One of the biggest factors
Originating from Peru during the colonial era, Ceviche has grown and developed over time into what we know it as today, but much of the tradition behind the dish has remained the same. Many regions of South and Central America have their own version of the dish, each adding their own regional flare. Ultimately, the base of fish in a tart juice stays the same wherever you are. My first experience with Ceviche was not on the coast in Lima like you would expect, but in the mountains, of Ayacucho. One Saturday my host mom, my little brother, and I were going to an open market to get groceries for the weekend. Before we went there we made a stop at a little Cevicheria in our neighborhood. When the waiter served us each a bowl brimming with marinated fish atop boiled potatoes, I was both nervous and excited to try this interesting dish. As I took my first bite, my mouth filled with saliva. It was spicy and tart, and the potatoes added a satisfying stability to an otherwise dynamic dish. I happily ate alongside my little brother, who ate his whole bowl in record time and even drank all of the extra liquid without even a second thought.
One of the most essential ingredients in nearly every Peruvian recipe is the aji pepper. There are many different types of aji peppers that Peruvians use on a daily basis to season countless dishes. These peppers are native to Peru and can be difficult to find if you are cooking outside of their native country. Try looking for these peppers in your local hispanic or South American food market or look online for purées or sauces that can be shipped to your home. If you have no other option, any type of chili pepper available can work. While it will not be an authentic Peruvian dish, it will get the job done and still be delicious. I also recommend using a white fish for is recipe. Look for sea bass, sole, or flounder in your local supermarket. You could also try the dish with shrimp or other types of seafood to add another dimension to the dish.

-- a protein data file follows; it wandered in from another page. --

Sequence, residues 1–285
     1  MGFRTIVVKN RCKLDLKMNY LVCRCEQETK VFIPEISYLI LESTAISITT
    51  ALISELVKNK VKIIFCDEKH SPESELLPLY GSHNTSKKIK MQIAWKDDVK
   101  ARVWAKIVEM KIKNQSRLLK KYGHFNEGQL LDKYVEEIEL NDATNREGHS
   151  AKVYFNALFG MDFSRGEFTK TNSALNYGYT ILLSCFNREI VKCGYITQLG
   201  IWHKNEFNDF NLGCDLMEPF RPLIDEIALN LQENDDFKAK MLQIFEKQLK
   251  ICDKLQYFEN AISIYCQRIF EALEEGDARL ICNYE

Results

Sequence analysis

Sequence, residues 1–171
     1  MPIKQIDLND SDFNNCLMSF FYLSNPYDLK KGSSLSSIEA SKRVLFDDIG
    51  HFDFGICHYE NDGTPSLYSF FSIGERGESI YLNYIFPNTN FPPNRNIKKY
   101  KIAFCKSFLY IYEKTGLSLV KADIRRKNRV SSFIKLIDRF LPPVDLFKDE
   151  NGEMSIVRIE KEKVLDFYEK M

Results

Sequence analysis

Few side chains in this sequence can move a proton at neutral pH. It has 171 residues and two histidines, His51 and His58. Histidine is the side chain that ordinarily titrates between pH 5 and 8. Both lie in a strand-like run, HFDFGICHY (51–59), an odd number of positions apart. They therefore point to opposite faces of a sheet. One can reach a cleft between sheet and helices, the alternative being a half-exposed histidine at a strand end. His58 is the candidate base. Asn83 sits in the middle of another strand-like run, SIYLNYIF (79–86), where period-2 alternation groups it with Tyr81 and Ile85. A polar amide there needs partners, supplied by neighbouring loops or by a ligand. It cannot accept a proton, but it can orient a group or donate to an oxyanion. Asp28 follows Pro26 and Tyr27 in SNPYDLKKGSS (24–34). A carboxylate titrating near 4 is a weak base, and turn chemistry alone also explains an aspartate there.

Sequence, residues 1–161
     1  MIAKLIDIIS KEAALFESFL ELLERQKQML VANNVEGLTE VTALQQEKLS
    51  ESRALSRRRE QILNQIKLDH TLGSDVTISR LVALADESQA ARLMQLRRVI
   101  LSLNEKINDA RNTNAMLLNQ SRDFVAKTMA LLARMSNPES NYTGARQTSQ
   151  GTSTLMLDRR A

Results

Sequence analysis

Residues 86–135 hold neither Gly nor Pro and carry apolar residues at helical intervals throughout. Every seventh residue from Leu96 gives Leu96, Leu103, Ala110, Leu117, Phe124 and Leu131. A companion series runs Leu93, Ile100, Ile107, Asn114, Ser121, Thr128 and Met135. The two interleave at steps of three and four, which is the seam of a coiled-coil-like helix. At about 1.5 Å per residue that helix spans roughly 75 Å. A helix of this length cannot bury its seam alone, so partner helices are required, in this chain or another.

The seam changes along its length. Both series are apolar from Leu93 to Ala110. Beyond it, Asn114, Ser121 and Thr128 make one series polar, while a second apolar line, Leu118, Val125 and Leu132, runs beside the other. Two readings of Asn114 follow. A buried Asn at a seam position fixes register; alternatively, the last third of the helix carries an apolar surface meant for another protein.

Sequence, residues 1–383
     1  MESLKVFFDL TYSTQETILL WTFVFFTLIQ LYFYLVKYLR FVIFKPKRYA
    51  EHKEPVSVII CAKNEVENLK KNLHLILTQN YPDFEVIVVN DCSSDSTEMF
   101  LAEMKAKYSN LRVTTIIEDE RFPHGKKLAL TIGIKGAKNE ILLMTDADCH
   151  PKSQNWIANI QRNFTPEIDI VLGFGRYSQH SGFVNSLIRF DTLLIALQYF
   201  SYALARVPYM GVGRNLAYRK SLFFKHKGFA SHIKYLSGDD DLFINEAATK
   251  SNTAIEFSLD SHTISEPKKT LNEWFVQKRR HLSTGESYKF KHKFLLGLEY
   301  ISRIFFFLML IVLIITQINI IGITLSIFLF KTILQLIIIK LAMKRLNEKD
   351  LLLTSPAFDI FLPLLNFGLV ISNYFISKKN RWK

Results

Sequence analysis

If you want to learn more about Peruvian cuisine and the culture behind it, I encourage you to order my cookbook, Buen Provecho! It is a collection of stories and recipes from the time I spent living and learning in Peru.
1 lb. of raw fish fillet
1 medium red onion, thinly sliced
2 aji amarillo peppers, diced
2 garlic cloves, minced
1/2 a cup lemon juice
1/2 a cup lime juice
1 Tbs. cilantro, chopped
2 medium sweet potatoes
2 medium yellow potatoes
salt and pepper to taste
Boil the potatoes until just tender and then set aside. Wash the fish thoroughly with water and chop into 1" cubes. Slice the onions and soak in a bowl of water. Finely mince the aji and garlic. Then add the salt to the aji and garlic and mash into a paste with the side of your knife. Combine the fresh fish, lime and lemon juice, aji paste, onions, cilantro, and pepper to taste. Allow to marinate for at least 10 minutes and serve on slices of the potatoes.